# Chapter 10 Multi-way ANOVA models

*Statisticians, like artists, have the bad habit of falling in love with their models (G. Box)*

In Chapter 7 we showed how we can fit linear models with one categorical predictor and one response variable (one-way ANOVA models). With those models, apart from differences due to the experimental treatments, all units must be completely independent and there should not be any other systematic sources of variability. On the contrary, with the most common experiments laid down as Randomised Complete Blocks (RCBDs) or, less commonly, as Latin Square (LSD), apart from the treatment factor, we also have, respectively, one and two blocking factors, which represent additional sources of systematic variability. Indeed, the block effect produces a more or less relevant increase/decrease in the observed response, with respect to the overall mean; for example, in a field experiment with two blocks, the most fertile one might might produce a yield increase of 1 t/ha, while the other one will produce a corresponding yield decrease of the same amount. Such yield variations will be systematically shared by all plots located in the same block.

In principle, we should not fit one-way ANOVA models to the data obtained from RCBDs or LSDs; if we do so, the residuals will also contain the block effect (\(\pm\) 1 t/ha, in the previous example) and, therefore, those obtained in the same block will be more alike than the residuals obtained in different blocks. Consequently, the basic assumption of independence will no longer be valid; in order to avoid this, we need a new type of models that can account for treatment effects and block effects at the same time.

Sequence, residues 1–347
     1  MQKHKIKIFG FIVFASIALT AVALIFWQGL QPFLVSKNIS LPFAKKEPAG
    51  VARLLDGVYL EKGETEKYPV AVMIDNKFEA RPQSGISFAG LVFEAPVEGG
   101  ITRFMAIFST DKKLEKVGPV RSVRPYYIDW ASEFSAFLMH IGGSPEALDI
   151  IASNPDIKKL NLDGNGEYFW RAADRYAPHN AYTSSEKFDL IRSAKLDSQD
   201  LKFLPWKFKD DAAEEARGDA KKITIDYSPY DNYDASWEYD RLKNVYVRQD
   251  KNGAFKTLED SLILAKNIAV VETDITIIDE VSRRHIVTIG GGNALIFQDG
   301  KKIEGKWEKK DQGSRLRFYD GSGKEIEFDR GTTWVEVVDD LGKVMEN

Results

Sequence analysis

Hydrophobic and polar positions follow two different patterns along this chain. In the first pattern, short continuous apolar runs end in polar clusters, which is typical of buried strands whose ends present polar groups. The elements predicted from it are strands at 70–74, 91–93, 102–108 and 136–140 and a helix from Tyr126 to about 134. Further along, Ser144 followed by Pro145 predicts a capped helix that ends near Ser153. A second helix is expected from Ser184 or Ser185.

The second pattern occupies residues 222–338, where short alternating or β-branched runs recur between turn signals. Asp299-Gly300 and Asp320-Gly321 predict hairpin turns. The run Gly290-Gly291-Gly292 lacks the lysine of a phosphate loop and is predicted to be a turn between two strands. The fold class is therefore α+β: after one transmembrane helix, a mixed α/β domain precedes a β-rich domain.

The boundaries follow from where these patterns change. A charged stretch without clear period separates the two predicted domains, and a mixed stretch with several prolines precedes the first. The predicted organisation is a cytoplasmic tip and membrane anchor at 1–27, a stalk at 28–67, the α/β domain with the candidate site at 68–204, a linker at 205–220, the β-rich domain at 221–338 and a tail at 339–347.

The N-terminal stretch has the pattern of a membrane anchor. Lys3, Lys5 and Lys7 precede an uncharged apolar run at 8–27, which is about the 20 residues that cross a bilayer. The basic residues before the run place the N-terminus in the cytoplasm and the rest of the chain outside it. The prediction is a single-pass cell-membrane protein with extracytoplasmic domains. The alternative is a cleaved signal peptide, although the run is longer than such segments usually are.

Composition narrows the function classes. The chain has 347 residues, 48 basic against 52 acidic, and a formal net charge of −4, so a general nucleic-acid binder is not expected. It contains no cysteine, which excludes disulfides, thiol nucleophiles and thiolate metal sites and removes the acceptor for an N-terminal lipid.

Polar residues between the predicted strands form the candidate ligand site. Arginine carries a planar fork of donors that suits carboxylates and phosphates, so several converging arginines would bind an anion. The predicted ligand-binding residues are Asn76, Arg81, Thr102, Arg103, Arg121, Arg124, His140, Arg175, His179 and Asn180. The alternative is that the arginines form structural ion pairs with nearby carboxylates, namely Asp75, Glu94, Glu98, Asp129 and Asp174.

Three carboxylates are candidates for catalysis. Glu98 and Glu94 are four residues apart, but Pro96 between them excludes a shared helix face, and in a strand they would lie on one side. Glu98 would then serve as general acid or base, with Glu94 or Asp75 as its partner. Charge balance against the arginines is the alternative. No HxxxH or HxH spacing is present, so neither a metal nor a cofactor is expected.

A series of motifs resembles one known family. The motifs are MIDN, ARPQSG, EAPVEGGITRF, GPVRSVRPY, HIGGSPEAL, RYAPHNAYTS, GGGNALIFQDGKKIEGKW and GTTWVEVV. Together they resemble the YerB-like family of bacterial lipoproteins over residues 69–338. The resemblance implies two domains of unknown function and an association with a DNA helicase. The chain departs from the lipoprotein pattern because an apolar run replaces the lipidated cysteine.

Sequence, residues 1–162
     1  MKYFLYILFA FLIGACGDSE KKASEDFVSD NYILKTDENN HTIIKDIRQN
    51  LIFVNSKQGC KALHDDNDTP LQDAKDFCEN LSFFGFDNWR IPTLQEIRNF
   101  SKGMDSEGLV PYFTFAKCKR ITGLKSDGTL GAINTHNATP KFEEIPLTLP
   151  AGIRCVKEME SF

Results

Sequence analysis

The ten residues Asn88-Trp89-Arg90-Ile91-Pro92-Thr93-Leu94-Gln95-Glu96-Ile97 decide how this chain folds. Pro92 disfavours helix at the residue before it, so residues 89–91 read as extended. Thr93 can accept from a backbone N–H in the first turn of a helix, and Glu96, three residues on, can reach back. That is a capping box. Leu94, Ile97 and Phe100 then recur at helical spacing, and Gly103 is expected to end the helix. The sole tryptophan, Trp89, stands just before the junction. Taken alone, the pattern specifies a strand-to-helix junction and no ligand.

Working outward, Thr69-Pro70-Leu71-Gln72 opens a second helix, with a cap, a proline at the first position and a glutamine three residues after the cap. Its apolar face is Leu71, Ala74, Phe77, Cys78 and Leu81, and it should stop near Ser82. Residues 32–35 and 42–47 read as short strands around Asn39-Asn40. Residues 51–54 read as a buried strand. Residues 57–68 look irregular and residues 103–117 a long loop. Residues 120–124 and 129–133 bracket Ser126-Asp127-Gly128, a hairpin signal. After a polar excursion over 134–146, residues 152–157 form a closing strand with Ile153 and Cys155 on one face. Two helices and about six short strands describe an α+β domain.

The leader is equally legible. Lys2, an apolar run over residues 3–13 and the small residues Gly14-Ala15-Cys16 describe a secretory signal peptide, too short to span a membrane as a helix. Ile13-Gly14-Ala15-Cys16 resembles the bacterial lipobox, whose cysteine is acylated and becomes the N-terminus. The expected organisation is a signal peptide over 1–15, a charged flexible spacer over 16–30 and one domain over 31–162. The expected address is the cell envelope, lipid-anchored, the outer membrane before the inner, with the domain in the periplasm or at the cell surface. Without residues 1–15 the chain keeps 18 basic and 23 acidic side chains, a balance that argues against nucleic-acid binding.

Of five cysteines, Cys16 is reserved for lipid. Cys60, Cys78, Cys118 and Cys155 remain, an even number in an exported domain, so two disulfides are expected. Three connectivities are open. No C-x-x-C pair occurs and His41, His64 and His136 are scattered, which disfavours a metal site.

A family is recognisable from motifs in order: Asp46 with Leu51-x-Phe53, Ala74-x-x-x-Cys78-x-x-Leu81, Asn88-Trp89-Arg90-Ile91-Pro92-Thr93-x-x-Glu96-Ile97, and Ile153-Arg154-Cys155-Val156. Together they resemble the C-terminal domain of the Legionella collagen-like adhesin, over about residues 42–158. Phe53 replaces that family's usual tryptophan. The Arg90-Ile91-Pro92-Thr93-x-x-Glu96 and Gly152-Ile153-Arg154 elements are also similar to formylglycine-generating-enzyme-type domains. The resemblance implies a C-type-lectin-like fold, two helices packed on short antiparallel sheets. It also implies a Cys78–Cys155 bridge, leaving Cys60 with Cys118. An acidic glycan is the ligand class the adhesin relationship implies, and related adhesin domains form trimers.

## 10.1 Motivating example: a genotype experiment in blocks

Let’s consider a field experiment to compare eight winter wheat genotypes, laid down in complete blocks, with three replicates. Each block consists of eight plots, to which genotypes were randomly allocated, one replicate per block; the blocks are laid out one beside the other, following the direction of the fertility gradient, so that plots within each block were as homogeneous as possible. The response variable is the yield, in tons per hectare.

The dataset is available as the ‘csv’ file ‘WinterWheat2002.csv’, which can be loaded from an external repository, as shown in the box below.

```
<- "https://www.casaonofri.it/_datasets/"
repo <- "WinterWheat2002.csv"
file <- paste(repo, file, sep = "")
pathData
<- read.csv(pathData, header = T)
dataset head(dataset)
## Plot Block Genotype Yield
## 1 57 A COLOSSEO 4.31
## 2 61 B COLOSSEO 4.73
## 3 11 C COLOSSEO 5.64
## 4 60 A CRESO 3.99
## 5 10 B CRESO 4.82
## 6 42 C CRESO 4.17
```

The description of the dataset for each genotype (mean and standard deviation) is left to the reader, as an exercise.

## 10.2 Model definition

Considering the experimental design, the yield of each plot depends on:

- the genotype;
- the block;
- other random and unknown effects.

Consequently, a linear model can be specified as:

\[ Y_{ij} = \mu + \gamma_i + \alpha_j + \varepsilon_{ij}\]

where \(Y_{ij}\) is the yield for the plot in the \(i\)^{th} block and with the \(j\)^{th} genotype, \(\mu\) is the intercept, \(\gamma_i\) is the effect of the \(i\)^{th} block, \(\alpha_j\) is the effect of the \(j\)^{th} genotype and \(\varepsilon\) is the residual plot error, which is assumed as gaussian, with mean equal to 0 and standard deviation equal to \(\sigma\). With respect to the one-way ANOVA model, we have the additional block effect, which accounts for the grouping of observations, so that the residuals only ‘contain’ random and independent effects.